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Will Hillary Clinton’s Child Tax Credit Proposal Include Puerto Rico?

Democratic presidential candidate Hillary Clinton announced this week her plan to expand the Child Tax Credit for families with young children.

The Clinton plan would double the Child Tax Credit to up to $2,000 per child under five years of age and lower the threshold for claiming a refund from $3,000 in earnings to “the first dollar of earnings for families with children of all ages,” according to a statement from the campaign.

Secretary Clinton describes this plan as “a down payment” on support for poor and working families. She intends to provide benefits for working adults without children and for families with older children as well. The additional benefits will be paid for, Clinton says, by higher tax revenues from corporations and the richest taxpayers.

“Refundable tax credits like the Child Tax Credit reward work, lift families out of poverty, and improve lifelong outcomes for kids,” Clinton said. “Studies have shown that the Child Tax Credit helps lift millions of Americans out of poverty each year. Not only does the Child Tax Credit help fight poverty for families in the year that they qualify for the tax cut, its effects can be seen for many years later. Parents in families that receive refundable credits like the Child Tax Credit are more likely to be in the labor force and contribute to the economy. Children in those families do better in school, are more likely to go to college and earn more when they become adults.”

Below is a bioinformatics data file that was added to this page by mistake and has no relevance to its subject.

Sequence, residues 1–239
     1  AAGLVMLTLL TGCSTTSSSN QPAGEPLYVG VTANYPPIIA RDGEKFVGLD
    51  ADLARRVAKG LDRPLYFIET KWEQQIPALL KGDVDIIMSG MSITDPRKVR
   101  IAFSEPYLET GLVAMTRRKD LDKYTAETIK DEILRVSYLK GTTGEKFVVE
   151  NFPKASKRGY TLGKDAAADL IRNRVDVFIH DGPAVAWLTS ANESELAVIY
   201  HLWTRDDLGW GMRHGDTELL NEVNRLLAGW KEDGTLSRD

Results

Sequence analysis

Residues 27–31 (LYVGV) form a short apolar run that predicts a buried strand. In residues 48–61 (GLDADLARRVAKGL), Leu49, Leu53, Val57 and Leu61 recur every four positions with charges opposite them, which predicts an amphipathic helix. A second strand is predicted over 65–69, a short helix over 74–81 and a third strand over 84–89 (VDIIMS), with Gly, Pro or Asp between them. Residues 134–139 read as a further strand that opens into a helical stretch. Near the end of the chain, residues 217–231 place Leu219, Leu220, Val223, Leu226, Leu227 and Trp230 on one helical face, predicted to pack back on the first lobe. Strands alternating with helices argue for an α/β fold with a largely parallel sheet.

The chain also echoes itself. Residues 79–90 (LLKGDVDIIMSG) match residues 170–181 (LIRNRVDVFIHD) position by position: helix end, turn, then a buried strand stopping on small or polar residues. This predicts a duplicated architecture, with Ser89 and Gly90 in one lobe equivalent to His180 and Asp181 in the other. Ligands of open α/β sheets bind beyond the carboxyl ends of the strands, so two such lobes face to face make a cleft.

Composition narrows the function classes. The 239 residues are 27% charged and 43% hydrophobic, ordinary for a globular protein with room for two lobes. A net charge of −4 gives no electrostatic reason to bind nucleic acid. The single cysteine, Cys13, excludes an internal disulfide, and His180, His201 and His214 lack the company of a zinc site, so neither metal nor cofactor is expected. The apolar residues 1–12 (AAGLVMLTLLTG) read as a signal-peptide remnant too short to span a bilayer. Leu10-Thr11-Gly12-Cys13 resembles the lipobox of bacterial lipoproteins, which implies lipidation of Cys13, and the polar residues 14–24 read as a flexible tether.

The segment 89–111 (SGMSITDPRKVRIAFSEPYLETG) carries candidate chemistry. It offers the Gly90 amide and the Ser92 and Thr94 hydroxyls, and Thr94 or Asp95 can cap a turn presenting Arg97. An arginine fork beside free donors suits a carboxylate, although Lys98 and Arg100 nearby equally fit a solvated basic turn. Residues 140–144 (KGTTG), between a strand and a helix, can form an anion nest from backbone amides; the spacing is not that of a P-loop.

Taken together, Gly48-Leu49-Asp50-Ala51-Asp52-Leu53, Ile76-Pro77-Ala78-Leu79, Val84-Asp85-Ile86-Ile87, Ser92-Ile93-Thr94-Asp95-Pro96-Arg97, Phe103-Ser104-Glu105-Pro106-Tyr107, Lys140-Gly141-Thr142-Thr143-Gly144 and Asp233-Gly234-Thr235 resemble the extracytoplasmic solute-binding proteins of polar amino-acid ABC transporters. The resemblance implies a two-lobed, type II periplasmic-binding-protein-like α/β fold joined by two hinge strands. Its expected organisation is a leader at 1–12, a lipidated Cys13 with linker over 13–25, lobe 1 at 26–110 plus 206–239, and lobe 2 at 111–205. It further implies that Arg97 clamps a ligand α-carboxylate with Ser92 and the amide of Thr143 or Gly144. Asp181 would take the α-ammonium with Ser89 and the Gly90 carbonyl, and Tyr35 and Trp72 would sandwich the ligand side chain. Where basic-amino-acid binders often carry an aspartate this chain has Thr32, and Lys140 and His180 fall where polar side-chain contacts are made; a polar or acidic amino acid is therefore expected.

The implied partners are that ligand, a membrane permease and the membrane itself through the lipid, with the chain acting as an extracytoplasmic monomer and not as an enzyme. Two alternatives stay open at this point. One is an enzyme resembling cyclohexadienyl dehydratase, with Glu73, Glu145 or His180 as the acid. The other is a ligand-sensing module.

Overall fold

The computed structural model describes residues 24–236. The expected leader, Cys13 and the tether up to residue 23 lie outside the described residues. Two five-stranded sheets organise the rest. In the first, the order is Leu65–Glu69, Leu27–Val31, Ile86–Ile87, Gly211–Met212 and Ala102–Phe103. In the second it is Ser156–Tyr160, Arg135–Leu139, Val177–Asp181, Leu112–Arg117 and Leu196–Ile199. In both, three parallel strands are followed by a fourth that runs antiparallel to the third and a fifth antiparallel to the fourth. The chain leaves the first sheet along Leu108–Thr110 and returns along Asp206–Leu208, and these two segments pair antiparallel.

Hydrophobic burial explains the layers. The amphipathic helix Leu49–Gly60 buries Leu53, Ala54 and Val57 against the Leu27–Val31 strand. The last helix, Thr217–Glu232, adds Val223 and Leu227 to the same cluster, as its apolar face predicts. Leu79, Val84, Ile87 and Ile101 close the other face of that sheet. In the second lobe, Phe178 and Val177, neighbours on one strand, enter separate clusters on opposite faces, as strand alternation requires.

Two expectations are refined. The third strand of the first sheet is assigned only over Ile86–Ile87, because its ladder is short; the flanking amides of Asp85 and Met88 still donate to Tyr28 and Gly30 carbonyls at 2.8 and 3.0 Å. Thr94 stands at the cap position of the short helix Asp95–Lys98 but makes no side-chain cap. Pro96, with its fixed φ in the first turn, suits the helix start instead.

In Puerto Rico, the Child Tax Credit is only available to families with three or more children. Would Clinton’s plan change this limitation? The press release doesn’t answer this question, but Clinton’s previous position while in elective office offers a clue, as does a statement from her 2008 run for the presidency.

In 2005, while serving as U.S. Senator, Hillary Clinton introduced legislation to extend the Child Tax Credit to Puerto Rico. Clinton’s bill S. 1757, was referred to the Finance Committee and did not become law.

When she ran for President in 2008, her position paper on Puerto Rico explained that if she were to hold the nation’s highest office, she would “sign into law a bill that she sponsored in the last Congress which would extend payments based on payroll taxes to Puerto Rican workers with one child or two children — providing assistance equivalent to that provided to working families in the States.  Current law only allows Puerto Rican working families with more than two children to claim this critical financial assistance.”

Puerto Rico’s level of child poverty is higher than that of any state.


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